Ukrainian forces have benefitted from Western and NATO surveillance for quite some time, yet an increased ability for fighters to use smaller, hand-launched drones more “organic” to the units they support introduces key tactical nuances. Close-in handheld drones such as the Puma can help Ukrainian fighters look on the other side of a building or hill and help pinpoint specific targets for air and ground attack. This is particularly true in the case of artillery, as the Ukrainians have numerous 155mm artillery weapons and thousands of rounds of ammunition.
This circumstance, as described by Undersecretary of Defense for Policy Colin Kahl, is precisely why the Pentagon is sending 15 new ScanEagle systems as well. Using a built-in ability to launch from a catapult, ScanEagle drones can introduce a medium-sized ISR capability without needing a runway, something which enables Ukrainian forces to launch drones from more austere locations where the terrain may prove inhospitable to the use of any runway.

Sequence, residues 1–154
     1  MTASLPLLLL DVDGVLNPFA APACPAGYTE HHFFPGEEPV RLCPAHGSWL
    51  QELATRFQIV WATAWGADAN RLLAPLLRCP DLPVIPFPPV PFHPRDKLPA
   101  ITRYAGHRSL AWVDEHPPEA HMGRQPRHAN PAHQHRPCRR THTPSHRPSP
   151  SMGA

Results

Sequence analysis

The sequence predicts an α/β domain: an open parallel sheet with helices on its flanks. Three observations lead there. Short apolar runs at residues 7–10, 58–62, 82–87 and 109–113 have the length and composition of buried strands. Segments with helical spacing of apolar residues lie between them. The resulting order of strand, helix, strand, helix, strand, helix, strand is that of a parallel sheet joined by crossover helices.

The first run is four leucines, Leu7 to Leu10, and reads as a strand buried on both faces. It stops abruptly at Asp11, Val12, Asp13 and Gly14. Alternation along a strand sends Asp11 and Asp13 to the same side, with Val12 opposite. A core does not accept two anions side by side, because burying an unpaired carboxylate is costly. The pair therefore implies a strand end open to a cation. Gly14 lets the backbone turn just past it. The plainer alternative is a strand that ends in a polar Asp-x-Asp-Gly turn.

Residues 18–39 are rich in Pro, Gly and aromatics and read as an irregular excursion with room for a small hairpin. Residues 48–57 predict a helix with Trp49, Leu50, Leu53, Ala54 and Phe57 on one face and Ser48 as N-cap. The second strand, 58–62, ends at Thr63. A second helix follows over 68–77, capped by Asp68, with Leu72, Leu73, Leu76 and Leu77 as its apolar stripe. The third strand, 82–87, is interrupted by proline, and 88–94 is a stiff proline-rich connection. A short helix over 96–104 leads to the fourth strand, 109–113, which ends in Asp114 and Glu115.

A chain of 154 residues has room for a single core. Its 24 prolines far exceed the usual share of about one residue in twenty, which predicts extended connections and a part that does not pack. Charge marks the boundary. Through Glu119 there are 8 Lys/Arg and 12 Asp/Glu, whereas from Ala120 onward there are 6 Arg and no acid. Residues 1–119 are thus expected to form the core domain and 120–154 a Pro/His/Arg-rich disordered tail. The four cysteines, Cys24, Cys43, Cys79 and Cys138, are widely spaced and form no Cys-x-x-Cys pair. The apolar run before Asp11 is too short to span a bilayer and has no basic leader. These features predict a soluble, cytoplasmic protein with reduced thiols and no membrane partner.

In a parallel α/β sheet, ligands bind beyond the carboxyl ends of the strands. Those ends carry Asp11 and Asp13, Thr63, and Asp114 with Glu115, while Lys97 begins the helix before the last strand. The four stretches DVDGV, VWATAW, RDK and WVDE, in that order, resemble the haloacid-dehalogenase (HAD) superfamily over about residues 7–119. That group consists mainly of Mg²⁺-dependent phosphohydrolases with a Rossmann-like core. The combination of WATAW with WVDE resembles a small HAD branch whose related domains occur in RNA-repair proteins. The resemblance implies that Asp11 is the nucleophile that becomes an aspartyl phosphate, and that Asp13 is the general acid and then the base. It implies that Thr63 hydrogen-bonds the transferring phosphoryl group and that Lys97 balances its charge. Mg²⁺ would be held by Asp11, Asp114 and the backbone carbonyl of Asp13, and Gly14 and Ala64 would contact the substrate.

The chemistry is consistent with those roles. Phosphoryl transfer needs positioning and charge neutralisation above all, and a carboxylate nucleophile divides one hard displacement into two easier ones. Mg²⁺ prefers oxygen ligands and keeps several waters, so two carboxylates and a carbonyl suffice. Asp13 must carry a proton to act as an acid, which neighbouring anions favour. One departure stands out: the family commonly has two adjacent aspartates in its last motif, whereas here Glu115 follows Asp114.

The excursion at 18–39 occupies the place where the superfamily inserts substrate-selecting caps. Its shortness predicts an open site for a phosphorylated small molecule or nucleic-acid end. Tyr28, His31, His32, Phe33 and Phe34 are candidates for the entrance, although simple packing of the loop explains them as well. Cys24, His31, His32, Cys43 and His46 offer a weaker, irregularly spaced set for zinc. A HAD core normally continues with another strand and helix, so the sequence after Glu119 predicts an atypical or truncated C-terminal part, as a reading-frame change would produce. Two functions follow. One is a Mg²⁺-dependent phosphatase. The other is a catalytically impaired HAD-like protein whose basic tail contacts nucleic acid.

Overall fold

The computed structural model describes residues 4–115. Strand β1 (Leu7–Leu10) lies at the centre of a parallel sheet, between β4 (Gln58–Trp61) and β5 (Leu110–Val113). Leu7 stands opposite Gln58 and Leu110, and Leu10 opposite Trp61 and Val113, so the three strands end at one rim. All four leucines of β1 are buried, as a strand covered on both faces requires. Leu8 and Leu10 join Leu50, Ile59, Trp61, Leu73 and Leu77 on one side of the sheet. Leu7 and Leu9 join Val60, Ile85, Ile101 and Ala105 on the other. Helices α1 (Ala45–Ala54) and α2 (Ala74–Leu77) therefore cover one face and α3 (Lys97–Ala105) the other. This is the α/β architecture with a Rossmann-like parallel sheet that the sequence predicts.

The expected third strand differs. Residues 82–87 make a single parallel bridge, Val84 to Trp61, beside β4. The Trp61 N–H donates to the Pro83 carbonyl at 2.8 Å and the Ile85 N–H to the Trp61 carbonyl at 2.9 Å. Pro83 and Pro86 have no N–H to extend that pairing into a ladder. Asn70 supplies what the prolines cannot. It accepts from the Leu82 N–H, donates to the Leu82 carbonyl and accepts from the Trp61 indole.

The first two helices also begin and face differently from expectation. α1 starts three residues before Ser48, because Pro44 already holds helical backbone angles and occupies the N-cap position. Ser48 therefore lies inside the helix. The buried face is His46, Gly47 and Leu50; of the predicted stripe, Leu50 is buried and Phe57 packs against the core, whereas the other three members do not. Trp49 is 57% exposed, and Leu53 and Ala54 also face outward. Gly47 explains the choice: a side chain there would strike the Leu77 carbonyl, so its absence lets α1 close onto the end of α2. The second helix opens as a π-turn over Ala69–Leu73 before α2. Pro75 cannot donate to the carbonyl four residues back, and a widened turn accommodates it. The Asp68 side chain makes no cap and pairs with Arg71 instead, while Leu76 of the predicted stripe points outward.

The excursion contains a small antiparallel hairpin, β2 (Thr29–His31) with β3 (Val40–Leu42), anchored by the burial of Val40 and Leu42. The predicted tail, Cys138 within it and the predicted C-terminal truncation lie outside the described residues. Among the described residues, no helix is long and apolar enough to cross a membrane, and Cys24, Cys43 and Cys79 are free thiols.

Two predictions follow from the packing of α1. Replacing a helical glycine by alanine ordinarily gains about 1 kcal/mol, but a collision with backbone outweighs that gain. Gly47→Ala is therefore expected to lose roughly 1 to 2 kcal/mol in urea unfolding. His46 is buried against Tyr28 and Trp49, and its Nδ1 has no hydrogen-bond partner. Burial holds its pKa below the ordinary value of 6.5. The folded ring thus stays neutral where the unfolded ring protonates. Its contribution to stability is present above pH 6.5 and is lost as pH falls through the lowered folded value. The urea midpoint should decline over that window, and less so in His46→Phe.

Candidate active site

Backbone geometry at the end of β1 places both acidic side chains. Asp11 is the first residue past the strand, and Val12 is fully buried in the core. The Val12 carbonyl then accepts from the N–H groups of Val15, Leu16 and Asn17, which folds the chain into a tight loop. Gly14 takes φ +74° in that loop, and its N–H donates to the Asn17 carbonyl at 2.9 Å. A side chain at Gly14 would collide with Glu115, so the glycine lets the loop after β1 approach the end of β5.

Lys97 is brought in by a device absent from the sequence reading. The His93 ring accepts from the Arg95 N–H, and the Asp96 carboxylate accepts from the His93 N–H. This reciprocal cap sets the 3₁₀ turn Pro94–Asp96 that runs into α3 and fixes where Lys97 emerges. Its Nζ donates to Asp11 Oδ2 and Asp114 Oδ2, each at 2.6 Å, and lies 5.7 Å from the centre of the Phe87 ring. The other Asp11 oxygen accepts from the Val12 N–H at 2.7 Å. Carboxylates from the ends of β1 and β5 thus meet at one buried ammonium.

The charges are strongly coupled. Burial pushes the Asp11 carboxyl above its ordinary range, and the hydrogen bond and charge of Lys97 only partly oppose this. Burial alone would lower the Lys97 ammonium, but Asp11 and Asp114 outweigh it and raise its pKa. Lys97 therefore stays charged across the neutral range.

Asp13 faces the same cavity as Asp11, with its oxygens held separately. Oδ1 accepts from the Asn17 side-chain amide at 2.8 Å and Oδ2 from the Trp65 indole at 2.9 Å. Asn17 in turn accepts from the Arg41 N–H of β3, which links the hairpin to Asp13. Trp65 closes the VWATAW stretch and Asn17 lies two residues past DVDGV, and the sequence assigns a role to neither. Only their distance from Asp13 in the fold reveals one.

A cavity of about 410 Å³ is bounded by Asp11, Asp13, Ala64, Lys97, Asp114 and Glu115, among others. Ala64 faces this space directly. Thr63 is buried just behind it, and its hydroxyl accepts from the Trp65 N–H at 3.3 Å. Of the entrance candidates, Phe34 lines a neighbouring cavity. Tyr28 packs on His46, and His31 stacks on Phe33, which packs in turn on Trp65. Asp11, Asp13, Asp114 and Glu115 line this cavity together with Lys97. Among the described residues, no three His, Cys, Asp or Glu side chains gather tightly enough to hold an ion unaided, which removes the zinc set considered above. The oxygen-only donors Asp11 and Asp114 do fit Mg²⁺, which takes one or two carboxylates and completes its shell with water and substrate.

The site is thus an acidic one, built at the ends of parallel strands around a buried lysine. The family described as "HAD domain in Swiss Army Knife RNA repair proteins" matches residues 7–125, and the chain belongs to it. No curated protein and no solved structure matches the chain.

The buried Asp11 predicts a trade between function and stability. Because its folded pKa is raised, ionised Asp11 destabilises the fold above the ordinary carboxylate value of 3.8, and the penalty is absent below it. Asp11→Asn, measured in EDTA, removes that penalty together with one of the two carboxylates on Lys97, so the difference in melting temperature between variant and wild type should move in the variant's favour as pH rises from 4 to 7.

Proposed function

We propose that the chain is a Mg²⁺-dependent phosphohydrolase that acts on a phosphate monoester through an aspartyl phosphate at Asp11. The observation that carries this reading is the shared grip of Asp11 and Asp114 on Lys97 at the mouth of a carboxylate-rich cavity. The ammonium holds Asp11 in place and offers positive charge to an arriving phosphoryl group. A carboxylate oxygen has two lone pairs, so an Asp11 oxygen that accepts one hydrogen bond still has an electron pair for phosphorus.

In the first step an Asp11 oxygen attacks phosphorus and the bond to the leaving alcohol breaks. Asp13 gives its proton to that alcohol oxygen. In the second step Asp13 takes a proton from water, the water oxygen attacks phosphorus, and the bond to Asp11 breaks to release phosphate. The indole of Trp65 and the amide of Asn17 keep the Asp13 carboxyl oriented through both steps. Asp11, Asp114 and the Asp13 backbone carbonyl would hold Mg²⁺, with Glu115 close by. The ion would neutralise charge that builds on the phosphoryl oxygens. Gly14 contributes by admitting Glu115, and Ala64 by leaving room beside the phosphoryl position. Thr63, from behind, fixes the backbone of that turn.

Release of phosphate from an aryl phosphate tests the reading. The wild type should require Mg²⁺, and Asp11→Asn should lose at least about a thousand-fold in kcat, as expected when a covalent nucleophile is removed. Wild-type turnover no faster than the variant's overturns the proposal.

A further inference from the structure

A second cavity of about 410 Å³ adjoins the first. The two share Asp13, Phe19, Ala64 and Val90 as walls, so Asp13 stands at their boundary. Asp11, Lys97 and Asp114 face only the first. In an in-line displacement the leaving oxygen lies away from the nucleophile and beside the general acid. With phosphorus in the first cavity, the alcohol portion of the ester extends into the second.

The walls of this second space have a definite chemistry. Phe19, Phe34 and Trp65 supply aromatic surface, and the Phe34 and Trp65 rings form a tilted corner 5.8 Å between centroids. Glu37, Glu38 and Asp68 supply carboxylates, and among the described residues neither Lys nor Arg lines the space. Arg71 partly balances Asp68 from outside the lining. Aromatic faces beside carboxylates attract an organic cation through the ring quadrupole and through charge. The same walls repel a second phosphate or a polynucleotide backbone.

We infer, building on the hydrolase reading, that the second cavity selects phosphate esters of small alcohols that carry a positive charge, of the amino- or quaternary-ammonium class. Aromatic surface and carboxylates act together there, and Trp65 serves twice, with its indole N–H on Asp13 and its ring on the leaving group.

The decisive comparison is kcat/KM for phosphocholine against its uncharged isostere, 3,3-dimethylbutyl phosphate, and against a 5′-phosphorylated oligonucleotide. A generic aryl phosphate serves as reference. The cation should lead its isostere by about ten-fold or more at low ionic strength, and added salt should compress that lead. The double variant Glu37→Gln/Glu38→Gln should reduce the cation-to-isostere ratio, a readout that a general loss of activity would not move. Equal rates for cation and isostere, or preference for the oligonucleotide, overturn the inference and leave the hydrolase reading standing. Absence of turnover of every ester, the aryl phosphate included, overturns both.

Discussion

The current air support effort also involves the addition of “Vampire” counter-drone weapons built to track and knock out or “destroy” drones from the ground.
“The Vampire system itself is a counter UAS system. It is a kinetic system, it uses small missiles, essentially, to shoot UAVs out of the sky,” Kahl said.
Kris Osborn is the defense editor for the National Interest. Osborn previously served at the Pentagon as a Highly Qualified Expert with the Office of the Assistant Secretary of the Army—Acquisition, Logistics & Technology. Osborn has also worked as an anchor and on-air military specialist at national TV networks. He has appeared as a guest military expert on Fox News, MSNBC, The Military Channel, and The History Channel. He also has a Master’s Degree in Comparative Literature from Columbia University.